Swimming, Davosersee | 1.5 km (Single/Couple), 3 km (Team of Five)
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The sparkling waters of the mountain lakes reflect the surrounding scenery and are probably among the most photographed subjects in the world, even in this age of selfies. The long-distance swim in one of these jewels of the Alps is a far rarer personal adventure. An exclusive experience such as this under the watchful eye of the professional Gigathlon crew will be an enduring memory. It fills you with awe as you are forced to push your own boundaries to tackle something that is completely outside your comfort zone. Not only does it require mental strength, it also helps enormously to know that you can do what others have achieved. Usually like a mirror but often cold, Lake Davos will hopefully welcome the swimmers in the light of high summer at temperatures pleasant enough to allow the full 1500 metre lap to be completed. The Singles and Couples will swim it once and then switch over to the cycling course, whilst the swimmers in the Team of Five will complete it twice: the first time straight after the alpine trailrun and the second time after a warm-up break, which may be long or short depending on how fast the runner covers his section of the course around Davos.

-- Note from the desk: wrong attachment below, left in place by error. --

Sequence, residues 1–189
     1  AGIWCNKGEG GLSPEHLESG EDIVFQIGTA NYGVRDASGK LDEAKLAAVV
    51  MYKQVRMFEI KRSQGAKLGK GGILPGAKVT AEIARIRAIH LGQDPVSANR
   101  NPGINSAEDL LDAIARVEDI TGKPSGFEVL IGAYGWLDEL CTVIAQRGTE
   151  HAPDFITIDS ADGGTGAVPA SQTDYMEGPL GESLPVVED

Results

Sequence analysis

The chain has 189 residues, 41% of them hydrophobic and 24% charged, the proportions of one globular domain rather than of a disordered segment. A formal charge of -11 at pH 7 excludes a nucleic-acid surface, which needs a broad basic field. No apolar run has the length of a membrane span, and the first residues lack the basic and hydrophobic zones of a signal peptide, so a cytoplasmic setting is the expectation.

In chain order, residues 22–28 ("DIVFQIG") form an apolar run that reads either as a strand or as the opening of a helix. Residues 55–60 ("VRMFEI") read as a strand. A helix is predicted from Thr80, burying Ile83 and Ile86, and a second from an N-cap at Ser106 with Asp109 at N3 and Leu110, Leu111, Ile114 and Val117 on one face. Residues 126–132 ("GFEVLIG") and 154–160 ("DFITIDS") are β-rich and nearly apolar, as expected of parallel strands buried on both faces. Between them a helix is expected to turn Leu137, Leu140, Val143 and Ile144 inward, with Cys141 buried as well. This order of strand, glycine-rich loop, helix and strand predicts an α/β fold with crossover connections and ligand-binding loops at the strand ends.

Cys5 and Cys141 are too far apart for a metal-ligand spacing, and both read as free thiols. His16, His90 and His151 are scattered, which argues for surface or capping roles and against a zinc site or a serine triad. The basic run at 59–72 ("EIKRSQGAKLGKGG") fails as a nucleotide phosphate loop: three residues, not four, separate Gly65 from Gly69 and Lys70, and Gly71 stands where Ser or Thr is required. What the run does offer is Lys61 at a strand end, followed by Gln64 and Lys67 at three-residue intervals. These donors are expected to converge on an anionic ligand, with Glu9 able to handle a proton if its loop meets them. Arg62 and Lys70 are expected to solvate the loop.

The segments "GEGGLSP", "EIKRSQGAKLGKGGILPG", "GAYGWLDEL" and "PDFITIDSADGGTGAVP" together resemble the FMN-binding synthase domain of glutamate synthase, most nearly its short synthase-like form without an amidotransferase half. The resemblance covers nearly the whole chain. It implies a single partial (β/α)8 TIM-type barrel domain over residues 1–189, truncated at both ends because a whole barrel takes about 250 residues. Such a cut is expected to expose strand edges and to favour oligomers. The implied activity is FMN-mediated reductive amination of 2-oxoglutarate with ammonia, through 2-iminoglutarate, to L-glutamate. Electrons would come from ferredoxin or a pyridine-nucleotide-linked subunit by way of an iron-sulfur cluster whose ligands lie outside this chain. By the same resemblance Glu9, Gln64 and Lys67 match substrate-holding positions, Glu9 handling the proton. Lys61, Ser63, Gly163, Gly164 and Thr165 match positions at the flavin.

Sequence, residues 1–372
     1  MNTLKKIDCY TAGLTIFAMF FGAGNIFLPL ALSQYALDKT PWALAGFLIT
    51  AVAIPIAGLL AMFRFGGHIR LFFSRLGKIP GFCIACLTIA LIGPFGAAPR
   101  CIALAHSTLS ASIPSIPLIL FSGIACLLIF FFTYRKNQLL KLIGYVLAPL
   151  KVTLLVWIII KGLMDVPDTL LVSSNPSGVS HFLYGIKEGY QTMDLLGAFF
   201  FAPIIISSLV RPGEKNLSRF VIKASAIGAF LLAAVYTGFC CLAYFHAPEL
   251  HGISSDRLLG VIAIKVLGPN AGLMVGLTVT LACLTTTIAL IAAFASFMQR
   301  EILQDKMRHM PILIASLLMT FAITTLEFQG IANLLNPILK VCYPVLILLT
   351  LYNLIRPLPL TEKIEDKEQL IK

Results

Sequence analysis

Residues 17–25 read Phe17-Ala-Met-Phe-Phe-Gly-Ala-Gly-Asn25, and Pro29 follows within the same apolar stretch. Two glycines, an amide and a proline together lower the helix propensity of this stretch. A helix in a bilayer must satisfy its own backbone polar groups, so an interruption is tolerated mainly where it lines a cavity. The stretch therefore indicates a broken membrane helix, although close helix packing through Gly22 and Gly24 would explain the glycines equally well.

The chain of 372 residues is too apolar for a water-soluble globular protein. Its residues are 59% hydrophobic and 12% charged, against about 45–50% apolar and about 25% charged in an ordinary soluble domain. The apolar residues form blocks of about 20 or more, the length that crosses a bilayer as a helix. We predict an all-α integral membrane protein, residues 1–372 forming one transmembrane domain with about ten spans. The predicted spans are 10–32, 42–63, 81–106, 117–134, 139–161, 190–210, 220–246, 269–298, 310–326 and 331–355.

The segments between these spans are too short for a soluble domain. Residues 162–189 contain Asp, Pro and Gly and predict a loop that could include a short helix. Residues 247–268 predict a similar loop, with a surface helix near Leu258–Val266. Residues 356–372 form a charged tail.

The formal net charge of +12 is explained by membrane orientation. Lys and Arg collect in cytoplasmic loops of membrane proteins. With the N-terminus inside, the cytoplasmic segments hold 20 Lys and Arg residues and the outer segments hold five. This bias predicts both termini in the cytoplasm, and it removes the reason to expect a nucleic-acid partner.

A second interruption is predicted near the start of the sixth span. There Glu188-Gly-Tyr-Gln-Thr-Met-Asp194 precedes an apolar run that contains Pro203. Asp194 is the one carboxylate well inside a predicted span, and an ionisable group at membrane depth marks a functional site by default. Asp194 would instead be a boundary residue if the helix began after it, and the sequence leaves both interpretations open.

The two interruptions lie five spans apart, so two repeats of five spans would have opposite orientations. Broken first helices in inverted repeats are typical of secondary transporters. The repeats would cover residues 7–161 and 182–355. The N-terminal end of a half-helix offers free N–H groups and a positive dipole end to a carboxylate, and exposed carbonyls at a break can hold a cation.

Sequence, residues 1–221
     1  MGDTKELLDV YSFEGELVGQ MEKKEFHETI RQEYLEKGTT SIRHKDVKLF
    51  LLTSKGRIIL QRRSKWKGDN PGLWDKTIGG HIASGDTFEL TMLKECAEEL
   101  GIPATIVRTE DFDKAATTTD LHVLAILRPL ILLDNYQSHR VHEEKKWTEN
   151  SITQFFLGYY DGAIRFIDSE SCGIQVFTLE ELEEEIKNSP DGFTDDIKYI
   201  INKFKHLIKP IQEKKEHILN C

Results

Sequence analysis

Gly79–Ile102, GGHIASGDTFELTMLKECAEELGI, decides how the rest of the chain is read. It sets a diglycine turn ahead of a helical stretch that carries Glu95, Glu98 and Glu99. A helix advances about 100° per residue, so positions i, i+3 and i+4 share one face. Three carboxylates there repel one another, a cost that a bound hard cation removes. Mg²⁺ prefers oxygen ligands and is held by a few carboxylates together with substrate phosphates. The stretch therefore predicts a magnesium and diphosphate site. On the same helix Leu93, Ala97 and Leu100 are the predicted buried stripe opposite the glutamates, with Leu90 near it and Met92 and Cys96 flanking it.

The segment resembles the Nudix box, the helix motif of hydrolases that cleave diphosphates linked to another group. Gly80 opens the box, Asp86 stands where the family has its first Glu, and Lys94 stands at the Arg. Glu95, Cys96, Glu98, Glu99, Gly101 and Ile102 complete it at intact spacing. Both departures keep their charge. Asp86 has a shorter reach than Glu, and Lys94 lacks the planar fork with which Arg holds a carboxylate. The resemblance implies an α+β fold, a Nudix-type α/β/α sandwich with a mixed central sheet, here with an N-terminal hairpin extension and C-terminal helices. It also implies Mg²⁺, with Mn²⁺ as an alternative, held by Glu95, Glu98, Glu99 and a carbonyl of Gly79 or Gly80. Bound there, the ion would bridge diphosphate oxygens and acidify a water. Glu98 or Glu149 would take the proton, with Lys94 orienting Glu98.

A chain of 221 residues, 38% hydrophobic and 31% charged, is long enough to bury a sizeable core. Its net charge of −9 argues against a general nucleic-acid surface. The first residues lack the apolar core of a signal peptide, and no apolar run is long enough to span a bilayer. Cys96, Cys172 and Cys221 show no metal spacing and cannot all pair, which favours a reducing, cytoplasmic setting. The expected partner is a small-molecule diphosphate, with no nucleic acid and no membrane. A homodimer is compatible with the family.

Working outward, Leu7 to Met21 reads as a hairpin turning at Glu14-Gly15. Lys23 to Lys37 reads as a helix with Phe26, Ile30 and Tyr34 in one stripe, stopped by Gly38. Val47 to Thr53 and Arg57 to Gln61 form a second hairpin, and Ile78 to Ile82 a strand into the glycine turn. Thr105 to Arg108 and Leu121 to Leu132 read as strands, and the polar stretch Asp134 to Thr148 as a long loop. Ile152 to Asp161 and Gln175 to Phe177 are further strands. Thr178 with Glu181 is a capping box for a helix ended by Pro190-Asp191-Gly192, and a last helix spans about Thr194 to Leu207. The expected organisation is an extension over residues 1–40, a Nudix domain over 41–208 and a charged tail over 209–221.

Running, Davos – Davos | 10 km, 150 Hm (Single/Couple); 14 km, 200 Hm (Team of Five)